Sony To World + Dog: We're Not Talking PS4
Nintendo's Wii U was one of the biggest unveils at E3 this year, but neither Sony nor Microsoft is going to be goaded into tipping their hands. Sony is apparently annoyed with certain game developers, some of whom have implied that the PS4 is none too far away. Jack Tretton, CEO of Sony Computer Entertainment America, told Forbes the following:
"PlayStation 3 is really just hitting its stride. Technologically, I don’t think it’s possible to provide any advancement beyond what we have. What we’ve seen from the competition is trying to add features that already exist in PlayStation 3. We invested heavily in that, we rolled a very heavy rock up a steep hill, through the launch period. But now I think that all pays off, and we’ve got a long run way behind it. So, I wouldn’t look for any discussion of a next generation PlayStation for quite some time."
Read literally, Tretton's implication regarding the PS3's position at the top of the theoretical technology heap is laughable--but we don't think that's what Tretton meant. Sony is perfectly aware that advances in manufacturing technology have cut the system's manufacturing cost, simplified the design, and cut power consumption. Rather, we suspect Tretton is referring to the enormous cost (and difficulty) of shifting from one system to another. When Sony shifted from the PS2 to the PS3, it had to develop programming tools, license whatever third-party technologies it deemed necessary, design an entire marketing initiative around the new product, fund software development, and spend months hammering out exactly what sort of system it wanted to build.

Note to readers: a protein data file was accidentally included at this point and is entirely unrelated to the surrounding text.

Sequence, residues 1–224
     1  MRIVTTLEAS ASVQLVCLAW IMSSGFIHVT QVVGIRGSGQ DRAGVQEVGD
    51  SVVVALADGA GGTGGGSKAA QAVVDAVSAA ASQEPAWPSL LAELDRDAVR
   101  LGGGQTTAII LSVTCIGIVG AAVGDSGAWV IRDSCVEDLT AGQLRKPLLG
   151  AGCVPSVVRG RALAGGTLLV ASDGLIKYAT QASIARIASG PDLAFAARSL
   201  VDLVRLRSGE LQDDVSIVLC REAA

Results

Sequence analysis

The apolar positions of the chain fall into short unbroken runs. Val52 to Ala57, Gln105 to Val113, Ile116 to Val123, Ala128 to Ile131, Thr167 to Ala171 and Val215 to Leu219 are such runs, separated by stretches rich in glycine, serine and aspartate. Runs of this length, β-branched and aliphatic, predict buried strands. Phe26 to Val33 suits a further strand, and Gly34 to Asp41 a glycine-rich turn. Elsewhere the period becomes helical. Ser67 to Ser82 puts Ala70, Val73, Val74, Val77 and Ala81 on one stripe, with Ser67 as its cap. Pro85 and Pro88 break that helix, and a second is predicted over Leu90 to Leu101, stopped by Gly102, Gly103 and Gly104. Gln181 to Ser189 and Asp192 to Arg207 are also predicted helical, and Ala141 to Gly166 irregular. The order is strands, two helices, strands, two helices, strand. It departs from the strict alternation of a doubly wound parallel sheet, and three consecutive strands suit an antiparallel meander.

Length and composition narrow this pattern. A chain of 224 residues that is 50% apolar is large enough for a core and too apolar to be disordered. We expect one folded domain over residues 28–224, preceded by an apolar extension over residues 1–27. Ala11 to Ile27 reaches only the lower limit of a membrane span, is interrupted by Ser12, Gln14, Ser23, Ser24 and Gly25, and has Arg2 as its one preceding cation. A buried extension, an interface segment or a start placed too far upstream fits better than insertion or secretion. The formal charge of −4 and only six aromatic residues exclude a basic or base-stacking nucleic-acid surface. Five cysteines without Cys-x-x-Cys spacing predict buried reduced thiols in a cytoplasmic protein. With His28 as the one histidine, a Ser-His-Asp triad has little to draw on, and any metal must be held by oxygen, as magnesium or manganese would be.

The PlayStation Vita
The CEO's characterization of the PS3 as only now coming into its full strength makes sense if we consider the PlayStation ecosystem rather than focusing on any single device. The PlayStation Move offers game developers the chance to design new PS3 games with very different control interfaces, the PlayStation Vita is set to suceed the PSP-3K as the company's traditional handheld platform, while the Sony Ericsson Xperia Play will blend gaming and smartphone capabilities. The company has already building a software framework that'll allow developers to target multiple devices at the same time; supporting devices will carry the moniker "PlayStation Certified." At present, that list includes the Xperia Play smartphone, and Sony's S1/S2 tablets; the PlayStation Vita will have access to the PlayStation Suite and is presumedly included as well.
With so many cards in play, it's critical that sony keep its developer communities focused. The Move, Vita, and Xperia Play all offer distinct, cross-platform experiences; learning how to best take advantage of these new capabilities will take time. Talking up a new console now would be an incredibly bad move. It would distract game developers and fans alike, and perversely encourage the company's faithful *not* to spend money on current titles in favor of waiting for the next generation of products.
The electronics firm probably has done some work on the PS4, but it's one thing to make a list of the capabilities and qualities it wants the next PS4 to offer and something altogether different to start shopping for components. Rumors that the company doesn't want to spend as much this time around are unremarkable. Given the cost associated with developing and launching Blu-ray, we'd be surprised if the PS4 (whenever it shows up) managed to exceed the PS3's development costs.